For Quartararo to head the timesheets is not much of a surprise. The Petronas Yamaha SRT rider has consistently been fast, already having a pole and a fastest race lap to his name. But Bagnaia's name was something of a surprise. The Italian had been heavily tipped before the start of the season, but once racing got underway, he had slowly slipped back into obscurity. That is part of the learning process, figuring out what you need from the bike at each track, learning from your crew how to get the best out of your package, understanding how the bike behaves in a variety of conditions.
The final session of the day was more of a post-credits scene than a dramatic climax as the intermediate class was in no hurry to improve on their morning benchmarks but eventually they got the job done. The fastest man of the day ended up being Luca Marini, the Italian leading both Friday sessions, this time by only eight thousandths of a second from Tom Luthi – with both riders dropping down into the 1:51s. Mattia Pasini also led the way for a significant amount of time before the veteran Moto2 rider settled for third, this weekend back on the Petronas machine.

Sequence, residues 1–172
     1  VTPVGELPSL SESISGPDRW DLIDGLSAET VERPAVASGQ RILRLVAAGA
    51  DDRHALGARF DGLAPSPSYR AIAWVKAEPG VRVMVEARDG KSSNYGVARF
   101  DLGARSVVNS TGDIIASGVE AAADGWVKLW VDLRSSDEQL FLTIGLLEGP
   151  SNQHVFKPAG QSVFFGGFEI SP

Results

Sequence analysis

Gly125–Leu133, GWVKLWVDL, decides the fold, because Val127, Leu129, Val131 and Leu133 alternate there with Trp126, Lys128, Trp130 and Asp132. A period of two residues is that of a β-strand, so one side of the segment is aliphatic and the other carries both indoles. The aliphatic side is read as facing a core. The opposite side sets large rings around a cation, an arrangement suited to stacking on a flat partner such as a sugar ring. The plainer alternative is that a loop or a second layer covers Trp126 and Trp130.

Action was hotting up on Friday afternoon and it wasn’t just down to the lovely weather that Mugello has been spoiling us with. It was business as usual for much of the session, Marc Marquez setting camp at the top of the timesheets until an early shootout ensued for the final five minutes. That was when Pramac’s new Lamborghini livery stole the limelight not just because it’s pretty cool looking but also because rookie Pecco Bagnaia attacked the top of the timesheets and finished the day as the fastest man on track.